FDA Commissioner Dr. Robert Califf claimed in a tweet on Friday that government efforts to help other companies ramp up production and increase imports from overseas should alleviate the shortage within “a matter of weeks”.

But the boss of the Perrigo Company, which makes Walmart and Amazon-branded baby formula, told Reuters on Friday that he expects the shortages to continue for “the year’s tally”.

Shelves nearly empty of baby food with signs warning customers they are limited to 8 cans per customer at a major Sydney supermarket November 12, 2015 in Sydney, Australia.
Parents are desperate for available baby food supplies during the shortage.
Christopher Pearce/Getty Images

Abbott insisted it can resume production at its closed facility “within two weeks” of FDA granting approval to resume operations.

Since closing, Abbott has shipped millions of doses to the United States from its FDA-registered facility in Ireland and has prioritized infant formula production at its Columbus, Ohio facility.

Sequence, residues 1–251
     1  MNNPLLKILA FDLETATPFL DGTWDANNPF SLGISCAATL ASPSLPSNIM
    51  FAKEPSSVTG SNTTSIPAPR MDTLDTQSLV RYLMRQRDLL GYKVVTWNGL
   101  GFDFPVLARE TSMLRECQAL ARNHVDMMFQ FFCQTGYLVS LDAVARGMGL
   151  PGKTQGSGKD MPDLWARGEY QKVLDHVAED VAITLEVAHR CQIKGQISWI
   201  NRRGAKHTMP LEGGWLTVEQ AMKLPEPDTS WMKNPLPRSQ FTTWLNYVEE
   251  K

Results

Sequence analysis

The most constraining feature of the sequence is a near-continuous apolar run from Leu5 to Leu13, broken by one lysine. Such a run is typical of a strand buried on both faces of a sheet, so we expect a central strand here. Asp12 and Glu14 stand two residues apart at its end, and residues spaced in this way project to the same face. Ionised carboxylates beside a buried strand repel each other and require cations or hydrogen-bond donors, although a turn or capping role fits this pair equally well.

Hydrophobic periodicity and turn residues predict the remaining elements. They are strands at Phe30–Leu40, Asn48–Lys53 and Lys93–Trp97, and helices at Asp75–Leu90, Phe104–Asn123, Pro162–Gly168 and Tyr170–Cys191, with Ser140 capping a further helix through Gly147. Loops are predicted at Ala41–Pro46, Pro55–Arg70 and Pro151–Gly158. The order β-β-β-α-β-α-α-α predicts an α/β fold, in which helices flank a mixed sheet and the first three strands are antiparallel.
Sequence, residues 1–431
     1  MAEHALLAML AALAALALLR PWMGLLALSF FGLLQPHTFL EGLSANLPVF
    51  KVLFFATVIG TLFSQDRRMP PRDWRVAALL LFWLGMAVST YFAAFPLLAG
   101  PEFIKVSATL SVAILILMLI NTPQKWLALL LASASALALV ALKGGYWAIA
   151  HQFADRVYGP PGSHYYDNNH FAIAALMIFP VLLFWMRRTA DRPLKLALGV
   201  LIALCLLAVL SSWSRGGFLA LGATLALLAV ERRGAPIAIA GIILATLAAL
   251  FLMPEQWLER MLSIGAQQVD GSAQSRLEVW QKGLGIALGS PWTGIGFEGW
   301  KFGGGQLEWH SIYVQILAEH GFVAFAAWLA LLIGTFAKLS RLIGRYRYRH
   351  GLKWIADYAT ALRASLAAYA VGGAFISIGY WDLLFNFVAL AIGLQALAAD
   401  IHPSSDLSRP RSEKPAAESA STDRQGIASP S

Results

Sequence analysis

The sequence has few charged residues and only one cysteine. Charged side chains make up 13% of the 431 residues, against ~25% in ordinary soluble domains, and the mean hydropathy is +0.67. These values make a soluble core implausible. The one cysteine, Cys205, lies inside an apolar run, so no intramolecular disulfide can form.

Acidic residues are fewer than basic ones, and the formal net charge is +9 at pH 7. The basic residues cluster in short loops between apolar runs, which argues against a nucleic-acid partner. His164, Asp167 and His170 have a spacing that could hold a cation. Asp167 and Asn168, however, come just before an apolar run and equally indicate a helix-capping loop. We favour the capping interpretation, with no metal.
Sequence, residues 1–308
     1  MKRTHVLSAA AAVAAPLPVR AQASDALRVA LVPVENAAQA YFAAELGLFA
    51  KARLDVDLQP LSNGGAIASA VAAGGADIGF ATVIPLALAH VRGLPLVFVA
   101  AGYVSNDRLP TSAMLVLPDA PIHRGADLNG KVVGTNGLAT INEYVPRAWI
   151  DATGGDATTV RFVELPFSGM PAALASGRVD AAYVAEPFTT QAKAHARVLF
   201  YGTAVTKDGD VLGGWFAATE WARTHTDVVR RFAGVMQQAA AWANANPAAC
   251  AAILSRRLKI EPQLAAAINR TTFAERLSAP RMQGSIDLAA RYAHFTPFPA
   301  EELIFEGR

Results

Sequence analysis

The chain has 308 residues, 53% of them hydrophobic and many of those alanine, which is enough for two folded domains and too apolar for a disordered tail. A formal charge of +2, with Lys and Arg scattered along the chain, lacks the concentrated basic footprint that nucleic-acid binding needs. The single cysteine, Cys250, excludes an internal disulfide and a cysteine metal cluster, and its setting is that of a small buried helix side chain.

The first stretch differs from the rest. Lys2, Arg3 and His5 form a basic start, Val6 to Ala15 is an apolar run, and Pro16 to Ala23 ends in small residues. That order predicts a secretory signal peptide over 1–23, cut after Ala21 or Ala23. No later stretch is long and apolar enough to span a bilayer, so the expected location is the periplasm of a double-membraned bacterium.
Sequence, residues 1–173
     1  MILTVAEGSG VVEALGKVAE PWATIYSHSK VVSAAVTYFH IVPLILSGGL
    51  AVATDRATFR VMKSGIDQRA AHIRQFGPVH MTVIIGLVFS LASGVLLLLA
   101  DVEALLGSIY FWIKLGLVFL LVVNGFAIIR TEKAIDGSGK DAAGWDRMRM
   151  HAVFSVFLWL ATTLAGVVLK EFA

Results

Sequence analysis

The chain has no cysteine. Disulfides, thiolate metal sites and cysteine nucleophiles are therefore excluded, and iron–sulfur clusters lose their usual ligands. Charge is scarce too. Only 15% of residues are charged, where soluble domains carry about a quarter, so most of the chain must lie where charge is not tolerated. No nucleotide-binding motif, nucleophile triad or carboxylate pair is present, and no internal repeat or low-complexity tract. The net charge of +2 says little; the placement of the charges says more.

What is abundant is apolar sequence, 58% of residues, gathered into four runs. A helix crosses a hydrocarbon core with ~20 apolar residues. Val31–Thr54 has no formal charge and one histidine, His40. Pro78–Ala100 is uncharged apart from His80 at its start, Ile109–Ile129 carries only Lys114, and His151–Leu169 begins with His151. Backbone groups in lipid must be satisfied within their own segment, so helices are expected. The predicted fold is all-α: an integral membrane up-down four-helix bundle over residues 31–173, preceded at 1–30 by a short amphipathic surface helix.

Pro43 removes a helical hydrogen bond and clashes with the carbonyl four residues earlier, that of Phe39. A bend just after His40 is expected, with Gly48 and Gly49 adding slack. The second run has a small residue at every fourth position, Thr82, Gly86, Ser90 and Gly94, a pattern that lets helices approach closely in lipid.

Various industry experts said the Formula disaster could have been avoided if the government had had clear leadership and a “dedicated food authority”.

Jen Psaki conducts her final briefing as White House Press Secretary on May 13, 2022 at the White House in Washington, DC, USA.
White House Press Secretary Jen Psaki waves goodbye after her final briefing on May 13, 2022.
EPA/Oliver Contreras/POOL
lack of baby food
“People are desperate. … It’s a real crisis. Moms are in distress,” NYC mom Amy Daly told the Post.